Looking for a unique Mother's Day gift? How about Space Roses? Proceeds from the sale of these far-out blooms support student space weather research.
| || |
SOLAR SECTOR BOUNDARY CROSSING (UPDATED): On April 29th or 30th, Earth will cross a fold in the heliospheric current sheet--a vast wavy structure in interplanetary space separating regions of opposite magnetic polarity. This is called a "solar sector boundary crossing," and it could trigger geomagnetic activity around Earth's poles. NOAA forecasters estimate a 40% chance of G1-class geomagnetic storms on April 29th. Aurora alerts: text or voice
WHAT'S AROUND THE BEND? The face of the sun is dotted by small, quiet sunspots. A more active region may be just around the bend. On April 26th, Jack Newton of Osoyoos, British Columbia, photographed plumes of hot magnetized plasma rising over the sun's northeastern limb:
"The sun is active," says Newton. Indeed, these flame-like prominences could herald the approach of a new sunspot from the farside of the sun. Got a solar telescope? Monitoring is encouraged.
Realtime Space Weather Photo Gallery
CONTRAIL SHADOWS: Earlier today, a tnetwork ofhin layer of icy clouds passed in front of the sun over Vienna, Austria. Immediately, a bright ice halo surrounded the sun--a result of refraction by the cloud's inner ice crystals. As Jennifer Werner was photographing the display, a plane flew by, bisecting the halo. Look at the picture and answer this question: Is the contrail above or below the clouds?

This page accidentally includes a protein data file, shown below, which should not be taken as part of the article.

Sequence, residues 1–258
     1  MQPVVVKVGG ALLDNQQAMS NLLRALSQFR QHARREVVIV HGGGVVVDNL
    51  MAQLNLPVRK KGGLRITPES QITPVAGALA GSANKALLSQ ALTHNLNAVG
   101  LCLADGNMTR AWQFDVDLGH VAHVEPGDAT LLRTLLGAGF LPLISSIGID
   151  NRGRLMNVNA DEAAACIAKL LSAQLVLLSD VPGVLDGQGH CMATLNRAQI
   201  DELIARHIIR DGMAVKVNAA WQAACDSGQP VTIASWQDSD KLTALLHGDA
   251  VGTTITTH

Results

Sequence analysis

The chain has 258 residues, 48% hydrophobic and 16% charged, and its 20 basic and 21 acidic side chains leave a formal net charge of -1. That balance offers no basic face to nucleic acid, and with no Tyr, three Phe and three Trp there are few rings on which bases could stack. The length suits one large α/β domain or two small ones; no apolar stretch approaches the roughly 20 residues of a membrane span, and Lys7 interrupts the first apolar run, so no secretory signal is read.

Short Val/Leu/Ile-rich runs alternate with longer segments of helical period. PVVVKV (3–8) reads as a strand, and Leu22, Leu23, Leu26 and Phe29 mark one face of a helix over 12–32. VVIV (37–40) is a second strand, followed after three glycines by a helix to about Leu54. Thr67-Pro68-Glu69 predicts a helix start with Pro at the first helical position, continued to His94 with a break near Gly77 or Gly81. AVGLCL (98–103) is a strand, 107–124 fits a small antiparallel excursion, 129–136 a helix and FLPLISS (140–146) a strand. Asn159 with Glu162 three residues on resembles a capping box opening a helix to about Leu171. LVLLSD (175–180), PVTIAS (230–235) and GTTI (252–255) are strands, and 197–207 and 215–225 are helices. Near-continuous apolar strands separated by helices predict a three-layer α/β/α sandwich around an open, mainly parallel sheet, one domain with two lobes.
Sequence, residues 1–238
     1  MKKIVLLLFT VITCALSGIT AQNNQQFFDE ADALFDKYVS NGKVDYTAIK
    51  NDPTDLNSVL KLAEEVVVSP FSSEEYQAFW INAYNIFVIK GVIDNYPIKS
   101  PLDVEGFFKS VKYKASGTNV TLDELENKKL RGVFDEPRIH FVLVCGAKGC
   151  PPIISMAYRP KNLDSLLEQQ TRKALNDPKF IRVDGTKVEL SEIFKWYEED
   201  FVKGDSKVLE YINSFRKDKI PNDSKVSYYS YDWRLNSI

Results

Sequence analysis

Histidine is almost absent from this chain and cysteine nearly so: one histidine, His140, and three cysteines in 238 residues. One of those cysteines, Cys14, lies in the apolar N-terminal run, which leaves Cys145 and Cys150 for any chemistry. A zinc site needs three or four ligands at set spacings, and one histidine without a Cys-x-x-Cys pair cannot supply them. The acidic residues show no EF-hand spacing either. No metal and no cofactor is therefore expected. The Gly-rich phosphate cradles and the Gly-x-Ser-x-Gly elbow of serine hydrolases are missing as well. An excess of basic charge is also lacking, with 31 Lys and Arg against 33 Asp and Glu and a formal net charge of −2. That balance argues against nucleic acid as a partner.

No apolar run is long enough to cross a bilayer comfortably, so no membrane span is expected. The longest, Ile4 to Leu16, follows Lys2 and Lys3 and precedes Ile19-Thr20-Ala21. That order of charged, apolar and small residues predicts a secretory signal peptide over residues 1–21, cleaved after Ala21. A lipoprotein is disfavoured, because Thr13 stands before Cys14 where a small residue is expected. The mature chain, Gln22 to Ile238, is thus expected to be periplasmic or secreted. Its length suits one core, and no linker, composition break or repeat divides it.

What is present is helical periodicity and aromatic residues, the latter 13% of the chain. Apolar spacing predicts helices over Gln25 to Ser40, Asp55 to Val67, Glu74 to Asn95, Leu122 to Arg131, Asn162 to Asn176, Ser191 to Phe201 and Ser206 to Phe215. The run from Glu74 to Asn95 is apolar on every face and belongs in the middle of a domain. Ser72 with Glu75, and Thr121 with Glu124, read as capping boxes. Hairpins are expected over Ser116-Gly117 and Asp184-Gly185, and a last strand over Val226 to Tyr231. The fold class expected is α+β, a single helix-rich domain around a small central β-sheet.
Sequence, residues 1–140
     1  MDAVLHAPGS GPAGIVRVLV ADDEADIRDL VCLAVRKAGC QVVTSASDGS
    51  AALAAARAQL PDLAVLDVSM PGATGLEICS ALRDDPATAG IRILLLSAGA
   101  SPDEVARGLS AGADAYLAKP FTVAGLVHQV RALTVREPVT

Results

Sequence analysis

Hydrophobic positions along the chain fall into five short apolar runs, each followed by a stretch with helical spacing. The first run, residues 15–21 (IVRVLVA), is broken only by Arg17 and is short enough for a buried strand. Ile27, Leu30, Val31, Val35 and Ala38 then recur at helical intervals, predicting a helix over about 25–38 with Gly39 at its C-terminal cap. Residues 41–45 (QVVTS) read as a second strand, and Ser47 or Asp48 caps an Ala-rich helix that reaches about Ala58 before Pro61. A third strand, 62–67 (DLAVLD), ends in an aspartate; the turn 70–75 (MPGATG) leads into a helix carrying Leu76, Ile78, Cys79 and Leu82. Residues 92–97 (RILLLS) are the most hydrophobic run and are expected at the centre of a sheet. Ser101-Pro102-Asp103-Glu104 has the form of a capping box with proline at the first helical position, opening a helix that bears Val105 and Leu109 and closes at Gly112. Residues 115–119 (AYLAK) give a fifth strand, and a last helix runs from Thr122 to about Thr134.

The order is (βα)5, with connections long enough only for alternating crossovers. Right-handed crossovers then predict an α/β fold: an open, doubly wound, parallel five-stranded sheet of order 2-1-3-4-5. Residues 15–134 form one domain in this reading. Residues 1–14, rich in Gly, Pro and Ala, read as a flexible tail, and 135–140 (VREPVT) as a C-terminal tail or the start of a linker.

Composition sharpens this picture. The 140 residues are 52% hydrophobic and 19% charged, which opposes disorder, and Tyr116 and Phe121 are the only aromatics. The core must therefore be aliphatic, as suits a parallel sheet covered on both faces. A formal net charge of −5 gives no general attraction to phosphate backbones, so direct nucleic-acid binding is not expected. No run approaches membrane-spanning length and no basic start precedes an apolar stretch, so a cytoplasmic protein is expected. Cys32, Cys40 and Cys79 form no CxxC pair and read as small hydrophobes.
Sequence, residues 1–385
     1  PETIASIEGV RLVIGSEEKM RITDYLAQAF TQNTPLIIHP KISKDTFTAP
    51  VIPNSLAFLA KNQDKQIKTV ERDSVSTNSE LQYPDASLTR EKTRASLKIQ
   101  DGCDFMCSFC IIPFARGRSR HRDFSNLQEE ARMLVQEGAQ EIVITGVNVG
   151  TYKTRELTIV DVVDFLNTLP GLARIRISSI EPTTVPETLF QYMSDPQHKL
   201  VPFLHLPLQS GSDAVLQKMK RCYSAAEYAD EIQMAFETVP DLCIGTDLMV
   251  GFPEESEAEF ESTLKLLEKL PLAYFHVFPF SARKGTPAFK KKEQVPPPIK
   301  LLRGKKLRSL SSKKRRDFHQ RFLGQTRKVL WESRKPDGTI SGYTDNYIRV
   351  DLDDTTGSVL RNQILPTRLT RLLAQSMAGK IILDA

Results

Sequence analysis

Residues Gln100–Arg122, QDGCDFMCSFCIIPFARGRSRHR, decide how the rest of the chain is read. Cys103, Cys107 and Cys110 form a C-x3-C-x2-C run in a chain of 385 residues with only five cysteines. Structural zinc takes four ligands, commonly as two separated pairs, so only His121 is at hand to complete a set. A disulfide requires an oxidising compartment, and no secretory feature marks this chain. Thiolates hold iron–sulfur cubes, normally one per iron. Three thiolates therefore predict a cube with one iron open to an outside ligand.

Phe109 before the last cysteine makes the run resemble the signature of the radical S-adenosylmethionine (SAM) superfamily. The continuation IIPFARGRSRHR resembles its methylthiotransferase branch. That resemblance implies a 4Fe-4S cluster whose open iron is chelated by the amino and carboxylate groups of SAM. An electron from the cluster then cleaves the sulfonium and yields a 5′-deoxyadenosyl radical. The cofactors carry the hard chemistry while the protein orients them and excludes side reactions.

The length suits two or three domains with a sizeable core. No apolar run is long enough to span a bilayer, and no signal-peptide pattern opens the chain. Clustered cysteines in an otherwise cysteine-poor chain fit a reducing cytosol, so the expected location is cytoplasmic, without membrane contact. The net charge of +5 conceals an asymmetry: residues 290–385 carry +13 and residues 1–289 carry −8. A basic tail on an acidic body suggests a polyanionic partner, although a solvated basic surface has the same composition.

Visually, the dense white contrail appears to be underneath the clouds. But the contrail's shadow tells a different story. In fact, the contrail is above, casting its shadow on the clouds below. Where the shadow steals sunlight from the ice crystals in the cloud, the circular halo vanishes.
Not everything in the sky is as it seems. More examples may be found in the realtime photo gallery:
Realtime Space Weather Photo Gallery
PENGUINS SERENADE AURORAS: As northern summer approaches, the midnight skies of the Arctic Circle are no longer completely dark. Aurora season is therefore shifting from north to south. For the next four months or so, the velvety-dark skies of Antarctica are the perfect backdrop for auroras. Penguins on the Brunt Ice Shelf serenaded this display on April 16th:
"I camped out in the field, enduring temperatures around -32°C to -34°C to witnessthis fantastic glow of green and purple," says photographer Greig Lawson. "This is at the site of an Emperor penguin colony. The calls of the birds in the background provided the soundtrack to the evening's photography!"
Lawson is a medical doctor working at the British Antarctic Survey's Halley Research Station. Located atop the Brunt Ice Shelf, a 130 meter thick slab of frozen water that floats atop the Weddell Sea, Halley is known for its studies of ozone, cosmic rays, and climate change. Lawson will be busy in the months ahead tending to the station's wintertime staff of 16. Hopefully, he'll have time send more pictures as geomagnetic storms paint their colors on Antarctic skies. Aurora alerts: text or voice
Realtime Aurora Photo Gallery
Realtime Comet Photo Gallery
Every night, a network of NASA all-sky cameras
scans the skies above the United States for meteoritic fireballs. Automated software maintained by NASA's Meteoroid Environment Office calculates their orbits, velocity, penetration depth in Earth's atmosphere and many other characteristics. Daily results are presented here on Spaceweather.com.